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Ramen Tokyo stopped by

Bob K. of the Ramen Tokyo blog came to try our tsukemen. He was eager to try our gyokai tonkotsu-based broth, which he says is the first time he's had it in the United States (outside of Japan). Check out his ramen blog to read more.


Chef Leo featured in Urban Kabari's Video!

While the noodle press is rolling, Urban Kabari sat down with Chef Leo to talk about Kirimachi Ramen, and captured a behind-the-scenes look at how shoyu ramen is prepared in-house.

Watch the video below or on Facebook. Support Kirimachi Ramen by giving this video a "thumbs up" on Facebook and on the YouTube video.



bites&bourbon's First Impression of Kirimachi Ramen (ver. 2.0)

Thank you, Brenda Ton, for visiting us during opening week at our new location! She tried our Tsukemen and here's what she thought:

"The broth is incredible and very flavorful. It was like taking really good ramen broth and reducing it down to rich and fatty perfection. The noodles were also cooked perfectly, thick and nice consistency with a great chew. The soft boiled eggs were runny and yolky (I had an extra order). The four pork slices were tender and tasty. I loved the mushrooms and bamboo shoots. The different components added extra excitement to the ramen bowl, but the noodles and broth were the true stars and I'd be happy eating those two things alone at Kirimachi. The tsukemen gets two thumbs up from me. I would highly recommend it."

You can read the rest of her review on her delightful blog covering San Franciso Bay Area's culinary scene (and beyond), bites&bourbon.


A Couple of Cold Ones at Kirimachi: Hiyashi Chuka Ramen and Tsukemen

"With the temperature approaching the 90s on Tuesday, I figured it was an opportune time to try out the cold noodles my local ramen-ya, Kirimachi Ramen, was featuring. It turned out that they had not one, but two cold noodle offerings, Hiyashi Chuka ("cold Chinese [noodles]") and Tsukemen (dry noodles with a dipping sauce).  Since the tsukemen isn't really eaten cold (because the noodles are dipped in a hot broth) I decided to go with the Hiyashi Chuka and try the Tsukemen the following day when odds were that it wouldn't be quite so hot.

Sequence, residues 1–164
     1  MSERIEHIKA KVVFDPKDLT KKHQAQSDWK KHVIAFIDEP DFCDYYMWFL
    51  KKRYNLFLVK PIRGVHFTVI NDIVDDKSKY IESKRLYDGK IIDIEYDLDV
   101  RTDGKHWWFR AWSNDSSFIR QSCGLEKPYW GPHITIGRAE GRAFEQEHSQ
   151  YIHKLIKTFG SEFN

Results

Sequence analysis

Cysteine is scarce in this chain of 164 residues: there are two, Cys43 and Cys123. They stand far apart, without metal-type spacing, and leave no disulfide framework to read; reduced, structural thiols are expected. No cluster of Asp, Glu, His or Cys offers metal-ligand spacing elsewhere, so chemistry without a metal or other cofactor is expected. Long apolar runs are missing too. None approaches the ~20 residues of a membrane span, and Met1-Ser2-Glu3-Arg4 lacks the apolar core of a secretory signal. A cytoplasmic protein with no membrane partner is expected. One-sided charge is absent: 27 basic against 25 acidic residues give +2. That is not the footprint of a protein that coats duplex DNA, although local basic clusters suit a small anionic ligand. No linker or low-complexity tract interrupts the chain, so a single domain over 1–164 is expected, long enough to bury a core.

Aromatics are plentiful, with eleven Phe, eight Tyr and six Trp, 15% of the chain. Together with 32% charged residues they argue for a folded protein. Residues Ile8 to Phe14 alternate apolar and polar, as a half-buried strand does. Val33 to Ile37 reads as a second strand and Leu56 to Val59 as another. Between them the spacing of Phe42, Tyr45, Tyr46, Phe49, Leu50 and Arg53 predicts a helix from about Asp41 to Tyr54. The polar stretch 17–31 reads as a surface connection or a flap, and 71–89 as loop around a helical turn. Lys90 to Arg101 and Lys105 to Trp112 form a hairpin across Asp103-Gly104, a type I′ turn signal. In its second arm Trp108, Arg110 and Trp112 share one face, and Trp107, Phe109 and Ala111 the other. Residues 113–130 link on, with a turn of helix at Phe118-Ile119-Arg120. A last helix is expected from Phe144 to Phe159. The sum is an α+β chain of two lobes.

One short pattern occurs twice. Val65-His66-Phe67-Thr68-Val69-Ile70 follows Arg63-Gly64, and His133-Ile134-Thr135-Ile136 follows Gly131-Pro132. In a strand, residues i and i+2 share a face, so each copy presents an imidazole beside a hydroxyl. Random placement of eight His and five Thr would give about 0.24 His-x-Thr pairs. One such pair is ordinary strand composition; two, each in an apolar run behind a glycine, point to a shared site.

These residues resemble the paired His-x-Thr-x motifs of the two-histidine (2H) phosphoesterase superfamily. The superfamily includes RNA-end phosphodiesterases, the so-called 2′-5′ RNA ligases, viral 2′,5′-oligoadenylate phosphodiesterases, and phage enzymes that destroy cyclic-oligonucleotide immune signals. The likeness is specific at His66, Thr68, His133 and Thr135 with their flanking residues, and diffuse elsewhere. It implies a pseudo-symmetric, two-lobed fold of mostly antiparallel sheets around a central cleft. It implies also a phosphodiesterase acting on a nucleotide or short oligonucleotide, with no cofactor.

Hiyashi Chuka consists of a selection of chilled strips of seasonal vegetable and animal material arranged on  a bed of ramen noodles that have been bathed in a sweet-sour tare. It is served with a dab of very spicy mustard which can be stirred in to add a little heat if you desire (and I did). In essence, it is a cold noodle salad, and as such is very satisfying on a very hot day. The temperature in San Francisco hit 94 that day, hottest of the year, and the cool medley of textures and flavors was indeed extremely refreshing.

The Tsukemen, which I returned to try a day later, on the other hand, was visually as plain as the Hiyashi Chuka was colorful. A shallow plate of dry (i.e. drained) noodles comes topped with bamboo and green onion, accompanied by a bowl of broth to dip the plain noodles in. The artistry is reserved for the complex broth, which at Kirimachi is pork-based. The naked noodles also give one the opportunity to taste the alkaline noodles for what they are, before dipping them into the broth provided.

To a Tsukemen novice like me, the dish is considerably less appealing than the Hiyashi Chuka ramen at Kirimachi.  However, Tsukemen is reportedly the hottest noodle fad in Japan. Leo and Febry, proprietors of Kirimachi Ramen, will be traveling to Tokyo after the conclusion of the Off the Grid: Fort Mason Center season, and one of their priorities will be to investigate the state of the art in Tsukemen crafting.  I'm looking forward to their help in developing my palate after they return."

[Source] - Local Food

"I hit Kirimachi, a ramen place in the North Beach area of San Francisco for lunch last week. In short, it was crazy delicious. I had the tonkotsu ramen, the pork broth for which takes at least 12 hours to make. It's a lighter, less greasy style of broth than many people might be used to, but I really liked it. My bowl of tangled noodles and broth also had a pile (pile!) of slow-cooked pulled fatty pork on it - eons better than the usual slice of barbequed or roasted pork.

It's sheer deliciousness isn't why I'm writing, though. Kirimachi uses high quality meats, including Marin Sun Farms chicken. For plenty of people who only eat organic or local or are otherwise heavily invested in the sustainability of their food, it's nice to be able to follow those principles no matter what style of food they're enjoying."

By: Molly Watson


SF Station tries Kirimachi Ramen

They're right. We are the only ramen shop in North Beach at this time. Not to say we're short on great ramen shops in San Francisco, but we really like our ramen. Here's what Luis Chong of SF Station says of our Tonkotsu Ramen: